Giving in the New Testament

The relationship between the Old Testament tithes and offerings and giving in the New Testament remains something that is very poorly taught in much of today’s church.

The potential for error starts with the way the tithes and offerings are viewed; they are both taken completely out of context in today’s church and given completely new meanings and purposes. I have looked at both the tithe and offerings in previous posts and have now decided to link both to giving in the New Testament.

There were numerous kinds of offerings required from those of the Old Testament. These offerings played a part in the redemption plans of God and were types and shadows of better things to come. The offerings were in no way inferior to the tithes and failure to bring both had consequences.

Looking at the offerings on their own and not as part of the law can lead to misleading conclusions as all aspects of the Old Testament law were intrinsically linked and had to be observed in their entirety. Hence Paul stressed that breaking one was akin to breaking all. One of the first offerings given by the Old Testament Jews was the offering of the first born while they were still in Egypt. No non-Jew was allowed to partake or observe this except they had been circumcised. Some offerings like atonement and the offering of the first born were compulsory whilst others were required based on circumstances; trespass offering, guilt offering are some examples.

The importance of both the tithe and offerings was stressed in Malachi 3: 8. God reprimanded the Jews for defrauding Him by not bringing their tithes and offerings. He did not in any way place the tithe over the offering. However, their position in the New Testament was highlighted in the book of Hebrews:

Under the old covenant, the priest stands and ministers before the altar day after day, offering the same sacrifices again and again, which can never take away sins. Hebrews 10:11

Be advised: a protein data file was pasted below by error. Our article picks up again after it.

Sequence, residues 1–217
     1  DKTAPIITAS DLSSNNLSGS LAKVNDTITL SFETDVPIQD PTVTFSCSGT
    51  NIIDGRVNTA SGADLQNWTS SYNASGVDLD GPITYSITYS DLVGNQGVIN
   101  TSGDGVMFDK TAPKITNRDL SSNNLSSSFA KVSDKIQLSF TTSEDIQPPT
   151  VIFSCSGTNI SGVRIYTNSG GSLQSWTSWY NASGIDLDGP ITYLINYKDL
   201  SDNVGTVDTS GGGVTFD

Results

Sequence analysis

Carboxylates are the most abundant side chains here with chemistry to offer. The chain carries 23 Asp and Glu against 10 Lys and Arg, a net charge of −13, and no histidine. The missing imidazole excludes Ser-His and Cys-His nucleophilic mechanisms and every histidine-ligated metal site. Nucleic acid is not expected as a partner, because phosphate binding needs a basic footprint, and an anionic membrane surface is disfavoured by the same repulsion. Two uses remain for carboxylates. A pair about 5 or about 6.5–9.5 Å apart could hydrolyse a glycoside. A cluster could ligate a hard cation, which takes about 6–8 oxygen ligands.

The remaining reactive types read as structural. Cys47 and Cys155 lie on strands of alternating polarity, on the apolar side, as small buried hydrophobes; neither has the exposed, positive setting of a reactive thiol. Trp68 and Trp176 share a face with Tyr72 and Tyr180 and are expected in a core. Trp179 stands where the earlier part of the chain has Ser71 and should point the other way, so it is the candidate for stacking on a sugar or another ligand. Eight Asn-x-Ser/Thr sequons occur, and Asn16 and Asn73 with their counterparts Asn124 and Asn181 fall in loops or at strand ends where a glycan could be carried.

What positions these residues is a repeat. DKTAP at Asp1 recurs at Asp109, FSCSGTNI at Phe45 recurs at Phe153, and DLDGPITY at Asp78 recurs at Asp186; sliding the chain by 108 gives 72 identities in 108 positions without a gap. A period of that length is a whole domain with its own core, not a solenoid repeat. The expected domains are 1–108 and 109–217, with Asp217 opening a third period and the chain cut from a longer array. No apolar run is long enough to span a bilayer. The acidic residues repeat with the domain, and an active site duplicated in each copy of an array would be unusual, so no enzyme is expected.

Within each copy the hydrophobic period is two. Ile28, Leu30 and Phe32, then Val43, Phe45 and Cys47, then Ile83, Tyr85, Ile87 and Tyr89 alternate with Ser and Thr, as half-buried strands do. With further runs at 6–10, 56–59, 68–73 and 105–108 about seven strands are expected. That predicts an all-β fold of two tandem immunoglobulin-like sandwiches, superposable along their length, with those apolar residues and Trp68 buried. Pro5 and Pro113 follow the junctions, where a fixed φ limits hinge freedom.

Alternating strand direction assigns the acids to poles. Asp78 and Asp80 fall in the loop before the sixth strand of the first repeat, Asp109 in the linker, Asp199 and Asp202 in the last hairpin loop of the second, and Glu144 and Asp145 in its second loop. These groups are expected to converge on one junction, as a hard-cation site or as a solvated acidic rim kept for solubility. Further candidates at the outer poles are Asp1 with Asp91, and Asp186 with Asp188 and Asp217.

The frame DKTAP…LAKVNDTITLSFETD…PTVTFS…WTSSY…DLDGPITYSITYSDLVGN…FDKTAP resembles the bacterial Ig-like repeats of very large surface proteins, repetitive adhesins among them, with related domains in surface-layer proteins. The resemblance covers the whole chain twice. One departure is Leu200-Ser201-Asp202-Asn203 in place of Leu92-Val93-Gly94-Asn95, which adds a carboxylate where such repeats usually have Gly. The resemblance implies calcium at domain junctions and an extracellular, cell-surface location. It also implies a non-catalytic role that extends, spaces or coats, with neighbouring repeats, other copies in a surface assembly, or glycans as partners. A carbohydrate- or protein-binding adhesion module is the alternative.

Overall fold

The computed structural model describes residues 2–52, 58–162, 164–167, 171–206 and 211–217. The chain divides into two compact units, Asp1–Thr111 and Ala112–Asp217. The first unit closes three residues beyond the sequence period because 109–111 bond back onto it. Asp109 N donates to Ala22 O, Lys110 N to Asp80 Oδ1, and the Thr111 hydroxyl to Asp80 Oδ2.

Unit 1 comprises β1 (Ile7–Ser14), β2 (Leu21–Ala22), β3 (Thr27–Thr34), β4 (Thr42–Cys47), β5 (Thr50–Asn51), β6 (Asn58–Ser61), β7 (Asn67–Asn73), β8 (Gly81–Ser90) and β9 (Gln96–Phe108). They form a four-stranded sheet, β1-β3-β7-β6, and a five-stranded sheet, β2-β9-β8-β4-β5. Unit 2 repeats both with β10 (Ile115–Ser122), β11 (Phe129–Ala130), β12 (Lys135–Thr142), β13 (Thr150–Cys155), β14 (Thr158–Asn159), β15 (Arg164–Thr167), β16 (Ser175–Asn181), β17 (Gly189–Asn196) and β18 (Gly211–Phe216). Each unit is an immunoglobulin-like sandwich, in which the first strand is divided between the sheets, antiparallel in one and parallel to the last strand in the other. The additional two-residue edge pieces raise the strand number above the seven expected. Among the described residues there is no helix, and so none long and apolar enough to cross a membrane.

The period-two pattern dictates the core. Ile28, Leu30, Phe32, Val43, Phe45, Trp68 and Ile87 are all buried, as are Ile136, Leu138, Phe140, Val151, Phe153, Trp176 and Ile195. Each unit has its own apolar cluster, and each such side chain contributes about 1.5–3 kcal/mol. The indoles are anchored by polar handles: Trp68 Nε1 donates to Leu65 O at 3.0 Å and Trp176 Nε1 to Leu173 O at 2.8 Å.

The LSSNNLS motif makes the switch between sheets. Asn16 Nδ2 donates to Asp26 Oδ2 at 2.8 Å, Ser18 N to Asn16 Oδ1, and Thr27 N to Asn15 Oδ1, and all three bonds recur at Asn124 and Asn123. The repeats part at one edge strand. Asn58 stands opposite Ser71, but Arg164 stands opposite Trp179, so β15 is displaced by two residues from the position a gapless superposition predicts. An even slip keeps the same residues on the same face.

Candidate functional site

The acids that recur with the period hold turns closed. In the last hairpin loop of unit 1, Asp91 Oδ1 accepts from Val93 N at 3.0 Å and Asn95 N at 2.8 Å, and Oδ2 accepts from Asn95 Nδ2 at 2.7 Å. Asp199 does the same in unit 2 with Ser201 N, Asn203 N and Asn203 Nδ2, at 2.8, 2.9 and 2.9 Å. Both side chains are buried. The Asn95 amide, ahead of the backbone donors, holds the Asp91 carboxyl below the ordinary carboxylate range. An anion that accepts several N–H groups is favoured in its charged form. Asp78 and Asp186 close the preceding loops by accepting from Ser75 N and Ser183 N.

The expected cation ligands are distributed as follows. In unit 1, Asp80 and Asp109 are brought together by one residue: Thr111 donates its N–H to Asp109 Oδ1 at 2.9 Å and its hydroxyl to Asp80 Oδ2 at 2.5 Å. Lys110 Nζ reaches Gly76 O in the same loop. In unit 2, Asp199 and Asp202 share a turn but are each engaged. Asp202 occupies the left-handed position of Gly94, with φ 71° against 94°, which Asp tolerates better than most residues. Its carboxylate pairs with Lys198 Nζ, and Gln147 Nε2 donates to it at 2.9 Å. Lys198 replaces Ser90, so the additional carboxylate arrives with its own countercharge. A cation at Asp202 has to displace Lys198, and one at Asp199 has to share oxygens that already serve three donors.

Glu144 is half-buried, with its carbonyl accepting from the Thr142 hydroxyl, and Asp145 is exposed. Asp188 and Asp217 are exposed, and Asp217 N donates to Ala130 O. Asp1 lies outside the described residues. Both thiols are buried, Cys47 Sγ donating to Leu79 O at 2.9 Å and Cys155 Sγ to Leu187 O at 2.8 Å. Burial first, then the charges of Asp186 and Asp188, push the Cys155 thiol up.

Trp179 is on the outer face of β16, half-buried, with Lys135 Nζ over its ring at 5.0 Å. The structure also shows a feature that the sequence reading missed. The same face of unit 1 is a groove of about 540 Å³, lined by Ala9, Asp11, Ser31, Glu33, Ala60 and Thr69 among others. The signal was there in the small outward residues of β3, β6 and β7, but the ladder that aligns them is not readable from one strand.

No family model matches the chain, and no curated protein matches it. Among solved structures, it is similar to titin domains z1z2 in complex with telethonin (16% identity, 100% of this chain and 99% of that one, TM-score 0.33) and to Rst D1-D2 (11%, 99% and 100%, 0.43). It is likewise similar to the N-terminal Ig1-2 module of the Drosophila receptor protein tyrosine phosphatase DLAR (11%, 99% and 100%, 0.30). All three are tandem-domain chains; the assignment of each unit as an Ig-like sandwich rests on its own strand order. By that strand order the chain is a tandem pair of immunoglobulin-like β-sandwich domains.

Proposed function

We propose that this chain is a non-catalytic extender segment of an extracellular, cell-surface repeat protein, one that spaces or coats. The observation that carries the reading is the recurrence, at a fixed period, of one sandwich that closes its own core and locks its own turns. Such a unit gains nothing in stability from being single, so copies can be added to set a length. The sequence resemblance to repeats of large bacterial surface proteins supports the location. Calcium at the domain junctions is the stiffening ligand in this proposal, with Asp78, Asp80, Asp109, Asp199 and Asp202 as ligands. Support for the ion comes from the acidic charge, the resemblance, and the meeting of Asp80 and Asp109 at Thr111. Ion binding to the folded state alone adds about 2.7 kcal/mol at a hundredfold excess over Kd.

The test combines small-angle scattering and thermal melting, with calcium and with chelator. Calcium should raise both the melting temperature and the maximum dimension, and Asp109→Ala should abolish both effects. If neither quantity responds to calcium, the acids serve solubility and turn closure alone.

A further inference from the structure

The Old Testament offerings could not take away the sins of those who observed them and had to be done year in year out to be of any value. According to the book of Hebrews this unfortunately brought a constant reminder of sin and the people could not attain perfection.

The old system under the law of Moses was only a shadow, a dim preview of the good things to come, not the good things themselves. The sacrifices under that system were repeated again and again, year after year, but they were never able to provide perfect cleansing for those who came to worship. If they could have provided perfect cleansing, the sacrifices would have stopped, for the worshipers would have been purified once for all time, and their feelings of guilt would have disappeared. Hebrews 10: 1 & 2

And it clearly highlights that the offerings served redemptive purposes. Thankfully, the sacrifice of Jesus spelt an end to all of them and giving offerings unto God is ‘no’ longer required under the new dispensation.

For the New Testament believer our giving is not looked at in terms of tithes or offerings but is considered in terms of what we have and can afford to give.

Every man according as he purposeth in his heart, so let him give; not grudgingly, or of necessity: for God loveth a cheerful giver. 2 Corinthians 9:7

And giving to those in need is considered giving to God. Hence our giving in church should always be geared towards meeting the ‘needs’ of others and this Paul likened to the sweet smelling savour of an Old Testament offering.

‘Offering’ time in church should be relabelled ‘giving’ time and should be viewed as an opportunity to contribute towards meeting the needs of others and explained as such. Trying to explain it as the New Testament equivalent of the Old Testament tithes and offerings paints an incorrect picture.

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